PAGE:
The Minister of Health, Kwaku Agyeman-Manu, has announced that the controversial contract for the supply of Sputnik V vaccines through middlemen has been cancelled by government.
Appearing before a nine-member bi-partisan Parliamentary Probe Committee,;the minister said that the middleman Sheik Al Makhtoum and SL Global informed the government on July 14, 2021 that due to global shortage of vaccines it is unable to honor the contractual agreement.
Explaining what ensued with regards to the contract,;he said the intermediary had told government that the first 300,000 doses would be supplied within two weeks,;but failed to deliver the vaccines.
“They came back to [tell] us that they have run out of stock and that they are waiting on the manufacturer to supply them, and they will supply us in two weeks.
“After two weeks, we enquired and they said still they haven’t received it. So, we started engaging them that if that is the matter, they should permit us to withdraw from the contract so that we can do something different and buy vaccines for ourselves because our faith in them to supply [the vaccines] was waning. So, we continuously put pressure on them and they gave us [until] July. They later gave us verbal notice that they will not be able to supply any longer,;and so we requested that they terminate the agreement, which they have actually done. So, as we sit here, there is no contract between the two of us.”Kwaku Agyeman-Manu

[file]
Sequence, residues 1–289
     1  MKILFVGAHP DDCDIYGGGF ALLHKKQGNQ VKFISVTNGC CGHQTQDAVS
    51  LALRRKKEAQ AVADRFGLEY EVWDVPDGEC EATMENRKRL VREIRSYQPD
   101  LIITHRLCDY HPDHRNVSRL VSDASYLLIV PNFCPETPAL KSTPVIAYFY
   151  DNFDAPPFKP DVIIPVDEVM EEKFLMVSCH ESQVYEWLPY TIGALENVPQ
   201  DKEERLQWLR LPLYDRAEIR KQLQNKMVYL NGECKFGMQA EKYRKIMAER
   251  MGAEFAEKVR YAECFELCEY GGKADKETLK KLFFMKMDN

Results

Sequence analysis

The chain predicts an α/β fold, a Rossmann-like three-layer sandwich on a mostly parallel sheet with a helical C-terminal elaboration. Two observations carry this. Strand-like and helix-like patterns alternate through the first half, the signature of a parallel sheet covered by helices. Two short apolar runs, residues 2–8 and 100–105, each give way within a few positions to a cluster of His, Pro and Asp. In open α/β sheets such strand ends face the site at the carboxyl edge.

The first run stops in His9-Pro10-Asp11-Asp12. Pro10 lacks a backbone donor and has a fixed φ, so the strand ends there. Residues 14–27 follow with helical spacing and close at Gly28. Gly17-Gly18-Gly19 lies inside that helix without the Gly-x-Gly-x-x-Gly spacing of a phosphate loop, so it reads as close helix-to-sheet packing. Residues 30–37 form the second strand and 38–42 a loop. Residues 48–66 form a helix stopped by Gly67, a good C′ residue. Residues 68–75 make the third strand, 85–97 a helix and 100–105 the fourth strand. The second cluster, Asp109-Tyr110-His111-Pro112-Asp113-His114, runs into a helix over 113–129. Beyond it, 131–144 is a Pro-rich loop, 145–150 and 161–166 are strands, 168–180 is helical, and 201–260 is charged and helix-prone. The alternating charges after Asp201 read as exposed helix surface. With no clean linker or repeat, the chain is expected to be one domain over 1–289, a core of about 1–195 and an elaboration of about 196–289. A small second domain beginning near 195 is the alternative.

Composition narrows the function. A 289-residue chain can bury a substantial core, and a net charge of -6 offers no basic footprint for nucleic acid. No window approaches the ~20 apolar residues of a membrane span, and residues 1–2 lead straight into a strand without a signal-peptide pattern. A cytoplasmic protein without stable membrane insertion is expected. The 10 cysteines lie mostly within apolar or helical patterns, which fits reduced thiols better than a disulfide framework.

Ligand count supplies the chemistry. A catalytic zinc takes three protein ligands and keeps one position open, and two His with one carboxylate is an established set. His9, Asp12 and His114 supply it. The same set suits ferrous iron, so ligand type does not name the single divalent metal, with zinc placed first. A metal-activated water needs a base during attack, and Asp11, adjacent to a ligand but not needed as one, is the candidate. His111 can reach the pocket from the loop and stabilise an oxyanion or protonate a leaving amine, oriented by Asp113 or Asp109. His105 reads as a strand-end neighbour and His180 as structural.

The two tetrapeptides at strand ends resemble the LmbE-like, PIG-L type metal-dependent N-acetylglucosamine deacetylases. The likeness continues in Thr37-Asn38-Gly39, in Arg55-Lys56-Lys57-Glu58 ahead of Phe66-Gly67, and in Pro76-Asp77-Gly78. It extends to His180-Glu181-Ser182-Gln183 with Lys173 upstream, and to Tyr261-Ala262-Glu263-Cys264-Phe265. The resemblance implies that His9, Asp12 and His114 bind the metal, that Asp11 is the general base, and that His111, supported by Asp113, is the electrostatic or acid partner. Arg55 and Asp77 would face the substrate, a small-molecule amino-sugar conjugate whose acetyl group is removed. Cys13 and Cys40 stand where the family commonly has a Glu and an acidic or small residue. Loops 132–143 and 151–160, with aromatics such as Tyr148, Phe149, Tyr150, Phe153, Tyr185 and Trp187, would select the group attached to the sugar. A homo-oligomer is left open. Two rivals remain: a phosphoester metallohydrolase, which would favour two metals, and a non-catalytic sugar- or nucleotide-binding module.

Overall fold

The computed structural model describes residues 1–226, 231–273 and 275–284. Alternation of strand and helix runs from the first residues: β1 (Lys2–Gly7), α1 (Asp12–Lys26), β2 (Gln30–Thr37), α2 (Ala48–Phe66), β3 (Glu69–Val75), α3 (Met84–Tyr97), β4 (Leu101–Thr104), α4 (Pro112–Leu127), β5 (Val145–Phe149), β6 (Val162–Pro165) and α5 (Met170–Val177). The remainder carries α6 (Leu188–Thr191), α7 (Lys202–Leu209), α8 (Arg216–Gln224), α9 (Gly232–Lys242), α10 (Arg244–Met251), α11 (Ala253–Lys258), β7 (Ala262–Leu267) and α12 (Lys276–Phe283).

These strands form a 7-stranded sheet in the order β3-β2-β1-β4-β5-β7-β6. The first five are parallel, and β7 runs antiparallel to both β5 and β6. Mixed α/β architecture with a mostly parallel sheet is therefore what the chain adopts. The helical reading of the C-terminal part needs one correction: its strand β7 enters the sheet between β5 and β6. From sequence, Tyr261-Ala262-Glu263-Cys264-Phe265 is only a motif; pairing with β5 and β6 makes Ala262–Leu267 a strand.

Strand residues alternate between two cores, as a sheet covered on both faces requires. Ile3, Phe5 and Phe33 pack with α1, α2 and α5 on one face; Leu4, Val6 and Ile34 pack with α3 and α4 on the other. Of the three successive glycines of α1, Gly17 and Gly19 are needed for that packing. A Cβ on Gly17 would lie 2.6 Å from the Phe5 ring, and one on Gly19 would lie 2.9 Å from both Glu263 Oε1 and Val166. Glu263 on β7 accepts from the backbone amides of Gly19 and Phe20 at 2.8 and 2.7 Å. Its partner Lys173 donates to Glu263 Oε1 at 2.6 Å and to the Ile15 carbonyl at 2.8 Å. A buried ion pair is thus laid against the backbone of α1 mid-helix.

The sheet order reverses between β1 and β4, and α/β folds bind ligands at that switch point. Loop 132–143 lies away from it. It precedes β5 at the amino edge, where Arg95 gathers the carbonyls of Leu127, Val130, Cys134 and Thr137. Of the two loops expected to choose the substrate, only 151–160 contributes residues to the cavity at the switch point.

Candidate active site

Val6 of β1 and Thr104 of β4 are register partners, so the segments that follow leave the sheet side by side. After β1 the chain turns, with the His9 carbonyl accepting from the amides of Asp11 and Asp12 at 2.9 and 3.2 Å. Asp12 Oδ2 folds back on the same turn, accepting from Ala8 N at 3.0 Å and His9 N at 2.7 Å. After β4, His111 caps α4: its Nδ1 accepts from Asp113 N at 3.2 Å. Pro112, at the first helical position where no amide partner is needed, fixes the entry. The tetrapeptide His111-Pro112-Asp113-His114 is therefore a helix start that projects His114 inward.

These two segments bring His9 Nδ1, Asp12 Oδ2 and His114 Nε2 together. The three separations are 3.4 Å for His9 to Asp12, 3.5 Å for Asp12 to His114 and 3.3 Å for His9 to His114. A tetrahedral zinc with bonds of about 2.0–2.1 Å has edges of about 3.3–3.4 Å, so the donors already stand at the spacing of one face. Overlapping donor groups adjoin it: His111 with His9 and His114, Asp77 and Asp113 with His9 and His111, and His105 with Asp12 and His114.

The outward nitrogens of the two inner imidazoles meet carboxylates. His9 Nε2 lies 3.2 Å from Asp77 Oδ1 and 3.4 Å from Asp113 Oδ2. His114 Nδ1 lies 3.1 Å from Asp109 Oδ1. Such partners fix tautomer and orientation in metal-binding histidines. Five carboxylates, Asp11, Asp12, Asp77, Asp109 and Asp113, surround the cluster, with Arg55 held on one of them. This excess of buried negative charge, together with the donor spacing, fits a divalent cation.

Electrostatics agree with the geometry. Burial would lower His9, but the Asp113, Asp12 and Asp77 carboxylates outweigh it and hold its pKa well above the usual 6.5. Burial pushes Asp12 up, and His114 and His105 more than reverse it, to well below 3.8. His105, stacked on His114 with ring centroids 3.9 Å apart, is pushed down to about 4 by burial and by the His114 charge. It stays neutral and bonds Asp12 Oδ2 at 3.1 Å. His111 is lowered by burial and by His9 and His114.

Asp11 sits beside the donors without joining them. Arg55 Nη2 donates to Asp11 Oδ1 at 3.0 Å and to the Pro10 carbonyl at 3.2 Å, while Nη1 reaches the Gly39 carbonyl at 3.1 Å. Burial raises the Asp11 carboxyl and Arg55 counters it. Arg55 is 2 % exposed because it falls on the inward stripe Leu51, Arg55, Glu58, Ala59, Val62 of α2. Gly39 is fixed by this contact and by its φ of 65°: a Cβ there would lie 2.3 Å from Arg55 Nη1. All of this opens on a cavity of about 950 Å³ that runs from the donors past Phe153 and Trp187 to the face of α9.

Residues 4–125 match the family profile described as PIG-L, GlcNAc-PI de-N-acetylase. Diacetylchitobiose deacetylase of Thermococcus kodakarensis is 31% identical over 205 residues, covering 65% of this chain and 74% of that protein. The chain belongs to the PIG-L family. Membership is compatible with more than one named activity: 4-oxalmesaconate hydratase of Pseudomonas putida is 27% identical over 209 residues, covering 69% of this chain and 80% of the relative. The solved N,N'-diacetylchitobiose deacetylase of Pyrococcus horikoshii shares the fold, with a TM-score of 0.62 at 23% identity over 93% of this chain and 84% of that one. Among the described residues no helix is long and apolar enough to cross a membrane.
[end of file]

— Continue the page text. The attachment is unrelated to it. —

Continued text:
Vaccine prices, not a rip off
Touching on the price at which the vaccine was being procured, the Ministry of Health has stated that attempts by government to secure Sputnik V vaccines at a unit cost of US$19 is not a rip off as being suggested in some quarters. Parliament has however approved a motion by the minority to investigate the procurement contract regardless of the explanation.
1.6 billion AstraZeneca vaccines to be received 2021-2022
Meanwhile,; the AstraZeneca Africa Director, Barbara Nel,;has disclosed that a total of 1.6 billion fully funded;COVID-19 vaccines would be made available for COVAX dependent countries later this year through to 2022.
She mentioned that countries that have successfully vaccinated;the vast majority of their populace and still have excess vaccines are donating them for countries that are struggling to effectively vaccinate their people.
The AstraZeneca Africa Director explained that;the challenge with AstraZeneca’s distribution of adequate vaccines to African countries was as a result of;the deadly second wave that hit India, and subsequently led to a ban in the exportation of AstraZeneca vaccines by the Serum Institute of India, which is one of the world’s leading COVID-19 vaccine manufacturer.
Barbara Nel, who did not give a definite time frame for the distribution of the said 1.6 billion doses,;however,;explained that her company,;AstraZeneca,;is working closely with COVAX and various governments to ensure the vaccines are rolled out later this year and by 2022.
She also added that, as and when the COVID-19 situation in India improves,;Africa and other COVAX countries will see the vaccines flowing in the right quantities.